PLANO (BP)—New York City church planter Patrick Thompson started New City Church in Queens only a few months ago and wasn’t sure exactly what to expect when he arrived at the 2013 Send North America Conference.
Joined by three other New York-based church planter apprentices with the Southern Baptist Convention’s North American Mission Board—Jon Carr, Jason Jasper and Scott Stallard—Thompson hoped to learn more nuts and bolts, and to make some good contacts with existing churches.
Prestonwood Baptist Church in Plano, in terms of connecting with potential partners was priceless, he insisted.What he gained at the conference, held recently at
“We probably accomplished more in 30 minutes eating our Chick-fil-A sandwiches than we would have in exchanging emails for three weeks,” Thompson said.
Connections included churches in South Carolina and Georgia that expressed potential for financial and other partnership. Thompson also spoke with a Hispanic leader who could connect him with leaders to serve the Spanish-speaking population New City Church is trying to reach.
Additionally, Thompson said, he and several other New York City church planters compared notes on ministry, family and other important factors affecting planters in hard-to-reach areas of the Northeast.
“New York is a big place,” said Thompson. “It’s more difficult than you would think to have ongoing connection with other leaders in the city. It was cool that we just got to sit down together and talk about how ministry is going, how our families are doing and just to connect on a personal level like that.”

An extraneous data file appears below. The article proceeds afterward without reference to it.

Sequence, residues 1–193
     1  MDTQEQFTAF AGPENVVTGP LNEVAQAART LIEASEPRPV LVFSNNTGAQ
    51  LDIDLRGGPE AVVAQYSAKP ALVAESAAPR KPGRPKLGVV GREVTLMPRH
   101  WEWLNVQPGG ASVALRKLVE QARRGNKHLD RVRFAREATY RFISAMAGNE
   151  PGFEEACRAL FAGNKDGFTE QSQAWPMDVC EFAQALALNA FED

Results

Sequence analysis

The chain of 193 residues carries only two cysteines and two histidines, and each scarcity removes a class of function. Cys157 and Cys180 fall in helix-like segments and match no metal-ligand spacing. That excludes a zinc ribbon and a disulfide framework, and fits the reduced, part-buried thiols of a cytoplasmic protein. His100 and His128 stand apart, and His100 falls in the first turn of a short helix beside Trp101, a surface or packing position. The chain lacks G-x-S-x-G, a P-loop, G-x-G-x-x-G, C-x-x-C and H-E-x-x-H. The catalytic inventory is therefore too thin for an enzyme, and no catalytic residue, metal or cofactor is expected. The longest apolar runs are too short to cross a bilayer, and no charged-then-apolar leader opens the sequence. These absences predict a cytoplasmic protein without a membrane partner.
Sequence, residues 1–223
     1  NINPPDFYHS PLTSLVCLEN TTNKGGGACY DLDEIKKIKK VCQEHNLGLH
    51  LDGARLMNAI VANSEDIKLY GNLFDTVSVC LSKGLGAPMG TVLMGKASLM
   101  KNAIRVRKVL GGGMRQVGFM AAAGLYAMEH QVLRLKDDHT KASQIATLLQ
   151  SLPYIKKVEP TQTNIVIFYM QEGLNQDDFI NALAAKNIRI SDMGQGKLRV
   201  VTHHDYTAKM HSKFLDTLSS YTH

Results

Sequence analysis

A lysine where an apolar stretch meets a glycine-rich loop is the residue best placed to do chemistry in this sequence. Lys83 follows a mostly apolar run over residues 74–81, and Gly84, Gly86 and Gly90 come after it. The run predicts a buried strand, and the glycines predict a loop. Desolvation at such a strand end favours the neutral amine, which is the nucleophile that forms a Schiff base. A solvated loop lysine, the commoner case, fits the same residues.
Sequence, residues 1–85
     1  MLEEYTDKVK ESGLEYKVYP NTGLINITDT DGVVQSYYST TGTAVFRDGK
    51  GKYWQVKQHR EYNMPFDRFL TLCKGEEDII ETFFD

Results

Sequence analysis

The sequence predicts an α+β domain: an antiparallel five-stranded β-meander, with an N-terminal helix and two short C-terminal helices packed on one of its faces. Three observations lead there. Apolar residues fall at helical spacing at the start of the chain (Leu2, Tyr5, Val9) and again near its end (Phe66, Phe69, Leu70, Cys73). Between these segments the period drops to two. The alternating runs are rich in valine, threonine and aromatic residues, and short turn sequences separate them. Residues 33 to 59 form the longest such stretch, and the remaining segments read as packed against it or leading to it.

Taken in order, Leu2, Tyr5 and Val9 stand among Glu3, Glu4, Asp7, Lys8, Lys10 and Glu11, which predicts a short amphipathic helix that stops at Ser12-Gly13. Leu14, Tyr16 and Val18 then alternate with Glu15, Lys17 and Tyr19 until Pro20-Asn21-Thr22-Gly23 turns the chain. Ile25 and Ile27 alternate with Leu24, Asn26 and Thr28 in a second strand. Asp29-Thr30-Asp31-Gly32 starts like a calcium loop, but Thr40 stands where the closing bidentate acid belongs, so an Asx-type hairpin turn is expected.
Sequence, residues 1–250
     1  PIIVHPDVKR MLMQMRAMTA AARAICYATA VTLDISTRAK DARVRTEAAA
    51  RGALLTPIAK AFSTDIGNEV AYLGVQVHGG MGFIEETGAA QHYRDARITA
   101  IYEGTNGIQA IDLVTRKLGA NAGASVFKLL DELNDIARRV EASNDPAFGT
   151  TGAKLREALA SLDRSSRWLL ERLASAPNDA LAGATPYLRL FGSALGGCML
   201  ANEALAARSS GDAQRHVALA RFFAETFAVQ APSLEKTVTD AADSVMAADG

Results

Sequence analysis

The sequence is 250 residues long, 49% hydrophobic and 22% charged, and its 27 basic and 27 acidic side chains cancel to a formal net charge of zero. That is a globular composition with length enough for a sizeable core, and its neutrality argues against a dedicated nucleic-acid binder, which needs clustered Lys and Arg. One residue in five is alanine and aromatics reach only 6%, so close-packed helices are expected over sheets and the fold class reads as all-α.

Connections like these were an important element in planning the Send North America Conference, said Aaron Coe, NAMB’s vice president for mobilization and marketing.
“When I was a church planter, I would have loved more opportunities to have planters and partners under one roof,” Coe said. “I’m excited to see what opportunities and partnerships emerge.”
The church planting track included breakouts and workshops led by seasoned church planting leaders and practitioners discussing everything from bivocational planting to leadership development to dealing with the emotional and spiritual burdens of church planting in tough mission fields.
Thompson noted workshops connected him with New York planters he had not met in person and gave him opportunities to hear the heart of established churches already partnering in the city.
“A big part of what made it so powerful was just seeing how many leaders were praying for and partnering with and just thinking about the work” in New York City, Thompson said. “It just feels like we’ve turned a huge corner as Southern Baptists. Can’t wait to see what happens next.”